Figure 13.7

Comparison between EDI-OCT before (A) and after (B) 3 weeks of systemic corticosteroids. The choroidal granulomatous lesions (a focal granulomatous reaction in the choroid) appear as a hyporeflective thickening of the choroid with subretinal fluid. The thickness of the granuloma decreased from 620 to 325 μm after treatment.

On the other hand, it has been published that during the quiescent phase, patients with ocular sarcoidosis had thinner choroids than normal subjects. SFCT showed a positive correlation with VA and negative correlation with global disease duration and also with the duration of active disease, being a good indicator of inflammatory activity in sarcoidosis.

Sympathetic Ophthalmia

Sympathetic ophthalmia (SO) is a rare bilateral granulomatous uveitis that occurs after trauma or surgery to one eye (the exciting eye), which will lead to an inflammatory reaction in both eyes, being the nontrauma eye, the sympathizing eye. In the past, trauma was the main cause of SO. However, recent studies suggest that ocular surgery, particularly vitreoretinal surgery, is the major risk for this disorder. The occurrence of SO is estimated to be 0.4–1.4% of all uveitis and 0.1–0.3% of all traumatized eyes.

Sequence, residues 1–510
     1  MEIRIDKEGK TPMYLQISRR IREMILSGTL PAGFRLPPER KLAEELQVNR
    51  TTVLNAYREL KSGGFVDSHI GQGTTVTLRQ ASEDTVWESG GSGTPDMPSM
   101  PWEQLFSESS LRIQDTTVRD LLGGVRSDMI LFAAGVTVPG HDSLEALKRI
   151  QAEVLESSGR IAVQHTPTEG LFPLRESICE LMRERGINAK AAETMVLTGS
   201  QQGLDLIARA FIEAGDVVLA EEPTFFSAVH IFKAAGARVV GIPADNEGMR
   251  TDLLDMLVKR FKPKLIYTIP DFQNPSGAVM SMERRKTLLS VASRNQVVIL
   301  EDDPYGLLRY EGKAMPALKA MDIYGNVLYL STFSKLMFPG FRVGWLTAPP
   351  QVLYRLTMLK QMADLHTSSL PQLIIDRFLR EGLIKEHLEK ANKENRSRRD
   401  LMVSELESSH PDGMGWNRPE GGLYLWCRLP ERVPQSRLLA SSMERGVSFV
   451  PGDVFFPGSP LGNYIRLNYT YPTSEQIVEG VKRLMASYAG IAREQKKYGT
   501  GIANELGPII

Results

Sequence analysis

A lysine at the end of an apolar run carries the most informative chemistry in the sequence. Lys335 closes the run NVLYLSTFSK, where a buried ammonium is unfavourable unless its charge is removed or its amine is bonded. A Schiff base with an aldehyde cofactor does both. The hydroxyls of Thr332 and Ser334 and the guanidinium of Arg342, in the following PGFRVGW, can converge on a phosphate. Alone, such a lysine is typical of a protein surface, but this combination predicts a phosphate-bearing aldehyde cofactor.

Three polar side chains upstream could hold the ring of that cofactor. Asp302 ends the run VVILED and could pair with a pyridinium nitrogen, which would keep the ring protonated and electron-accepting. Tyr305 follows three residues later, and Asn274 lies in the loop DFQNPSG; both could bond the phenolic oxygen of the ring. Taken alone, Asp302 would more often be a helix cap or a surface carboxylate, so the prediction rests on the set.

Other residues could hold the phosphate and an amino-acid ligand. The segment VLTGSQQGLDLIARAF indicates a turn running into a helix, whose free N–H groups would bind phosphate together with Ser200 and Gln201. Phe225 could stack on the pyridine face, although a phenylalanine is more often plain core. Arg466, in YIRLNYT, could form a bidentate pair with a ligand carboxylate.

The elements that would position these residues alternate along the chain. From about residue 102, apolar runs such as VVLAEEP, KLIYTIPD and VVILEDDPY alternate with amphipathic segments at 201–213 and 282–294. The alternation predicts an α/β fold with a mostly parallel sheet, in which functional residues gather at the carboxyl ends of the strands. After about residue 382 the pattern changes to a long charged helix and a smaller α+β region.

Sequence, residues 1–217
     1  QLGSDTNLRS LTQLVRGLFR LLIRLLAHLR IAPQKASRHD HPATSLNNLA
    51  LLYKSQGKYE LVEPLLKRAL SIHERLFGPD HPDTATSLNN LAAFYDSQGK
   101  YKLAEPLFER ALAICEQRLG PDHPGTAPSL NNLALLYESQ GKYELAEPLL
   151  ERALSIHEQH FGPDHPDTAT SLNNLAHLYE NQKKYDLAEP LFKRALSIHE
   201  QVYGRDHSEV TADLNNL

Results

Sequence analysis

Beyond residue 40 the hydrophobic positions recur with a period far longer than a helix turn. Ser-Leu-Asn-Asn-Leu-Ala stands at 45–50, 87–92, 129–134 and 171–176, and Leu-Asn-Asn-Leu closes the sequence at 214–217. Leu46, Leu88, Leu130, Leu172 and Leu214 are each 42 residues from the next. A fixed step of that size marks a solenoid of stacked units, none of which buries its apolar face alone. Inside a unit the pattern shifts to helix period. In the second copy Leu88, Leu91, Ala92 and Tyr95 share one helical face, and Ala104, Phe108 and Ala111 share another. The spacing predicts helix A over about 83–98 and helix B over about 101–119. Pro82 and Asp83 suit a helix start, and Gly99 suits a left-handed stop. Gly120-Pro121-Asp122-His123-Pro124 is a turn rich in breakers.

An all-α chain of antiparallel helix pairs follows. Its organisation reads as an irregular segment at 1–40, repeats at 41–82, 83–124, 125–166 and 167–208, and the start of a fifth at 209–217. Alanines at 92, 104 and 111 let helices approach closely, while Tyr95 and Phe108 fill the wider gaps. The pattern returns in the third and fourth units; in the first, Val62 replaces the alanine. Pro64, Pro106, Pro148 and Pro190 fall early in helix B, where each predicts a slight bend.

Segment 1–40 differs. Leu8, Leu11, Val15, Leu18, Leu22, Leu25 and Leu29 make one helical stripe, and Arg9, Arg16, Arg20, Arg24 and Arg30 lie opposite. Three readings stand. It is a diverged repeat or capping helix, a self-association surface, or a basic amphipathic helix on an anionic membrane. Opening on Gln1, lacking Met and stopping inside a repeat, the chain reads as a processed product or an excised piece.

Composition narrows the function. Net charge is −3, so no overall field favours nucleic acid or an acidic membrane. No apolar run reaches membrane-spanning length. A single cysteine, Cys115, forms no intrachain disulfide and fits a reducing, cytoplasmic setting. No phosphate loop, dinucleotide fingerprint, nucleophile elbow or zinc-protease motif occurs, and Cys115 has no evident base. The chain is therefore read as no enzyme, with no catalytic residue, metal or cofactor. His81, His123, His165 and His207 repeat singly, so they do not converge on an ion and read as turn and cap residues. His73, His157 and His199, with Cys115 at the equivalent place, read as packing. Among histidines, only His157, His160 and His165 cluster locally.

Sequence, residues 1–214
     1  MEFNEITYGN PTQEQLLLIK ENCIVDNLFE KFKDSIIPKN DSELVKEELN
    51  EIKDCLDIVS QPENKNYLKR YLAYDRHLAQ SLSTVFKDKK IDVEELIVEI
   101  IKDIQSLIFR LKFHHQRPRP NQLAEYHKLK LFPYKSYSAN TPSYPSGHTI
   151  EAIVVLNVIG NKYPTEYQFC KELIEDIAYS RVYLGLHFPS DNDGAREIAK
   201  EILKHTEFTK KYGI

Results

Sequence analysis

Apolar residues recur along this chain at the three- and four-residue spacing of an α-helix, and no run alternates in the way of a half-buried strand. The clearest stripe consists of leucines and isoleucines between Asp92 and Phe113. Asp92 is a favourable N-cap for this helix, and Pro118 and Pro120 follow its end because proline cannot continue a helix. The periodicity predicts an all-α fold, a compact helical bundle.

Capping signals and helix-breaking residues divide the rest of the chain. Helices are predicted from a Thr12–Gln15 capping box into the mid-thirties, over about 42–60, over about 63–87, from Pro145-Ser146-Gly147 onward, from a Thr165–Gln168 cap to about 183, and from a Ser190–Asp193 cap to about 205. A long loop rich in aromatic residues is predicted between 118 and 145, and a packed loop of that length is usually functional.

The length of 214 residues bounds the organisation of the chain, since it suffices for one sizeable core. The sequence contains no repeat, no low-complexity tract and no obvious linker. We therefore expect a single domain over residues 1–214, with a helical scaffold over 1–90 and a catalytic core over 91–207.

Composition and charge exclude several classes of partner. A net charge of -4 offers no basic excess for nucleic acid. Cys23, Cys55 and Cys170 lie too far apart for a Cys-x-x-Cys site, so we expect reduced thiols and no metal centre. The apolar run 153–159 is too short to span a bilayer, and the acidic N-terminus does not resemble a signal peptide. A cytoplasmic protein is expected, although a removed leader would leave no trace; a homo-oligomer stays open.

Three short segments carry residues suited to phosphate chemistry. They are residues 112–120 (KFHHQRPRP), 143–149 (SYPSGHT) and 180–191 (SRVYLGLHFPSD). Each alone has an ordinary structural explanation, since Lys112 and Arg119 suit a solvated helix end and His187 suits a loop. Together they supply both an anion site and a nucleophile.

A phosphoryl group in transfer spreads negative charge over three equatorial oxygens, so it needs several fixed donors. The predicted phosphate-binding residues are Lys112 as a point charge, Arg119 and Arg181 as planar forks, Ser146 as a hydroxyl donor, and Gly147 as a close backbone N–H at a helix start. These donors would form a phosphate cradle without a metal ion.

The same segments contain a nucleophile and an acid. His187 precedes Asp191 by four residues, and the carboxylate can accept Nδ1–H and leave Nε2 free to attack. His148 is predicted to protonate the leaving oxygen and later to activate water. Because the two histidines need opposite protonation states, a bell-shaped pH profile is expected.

Posterior segment classical manifestations of OS include exudative RD, vasculitis, disc edema, and multiple white-yellow lesions, occasionally confluent, mainly in periphery, which are the clinical sign of Dalen-Fuchs nodules (DFN), which is a histopathological finding (collections of epithelioid cells below the RPE). OCT is a very valuable tool in the diagnosis and monitoring of retinal involvement in SO. A recent report describes the SD-OCT images of the characteristic DFN, revealed as hyperreflective lesions at the level of RPE, associated with disruption of the inner segment/outer segment (IS/OS) junction. After treatment and clinical improvement, DFN on SD-OCT went away, but abnormalities of the IS/OS and disruptions of the RPE persisted. SD-OCT image of RPE rip in a case of SO has also been reported. Other study analyzed the changes seen in the photoreceptor layer of the retina during the acute phase of SO. The outer retinal segment showed serous RD (SRD) and disruption of the IS/OS junctions in all the eyes, whereas elongation of photoreceptors occurred in 66% of eyes. Those abnormalities improved over the time after systemic corticosteroid therapy, with resolution of SRD, normal photoreceptor layer, and restoration of IS/OS junction in all the eyes 4 weeks later. A similar and more recent report describes the EDI-OCT findings in an acute phase of SO. Presenting EDI-OCT showed a diffuse increase of CT in both the sympathizing and exciting eyes. One month after corticosteroid therapy, a marked decrease in the CT was observed, especially in the sympathizing eye. At 15-month follow-up visit, in the convalescent phase, the CT had decreased but was thicker than normal. The authors conclude that EDI-OCT can be an accurate way of assessing disease activity and monitoring response to treatment in SO.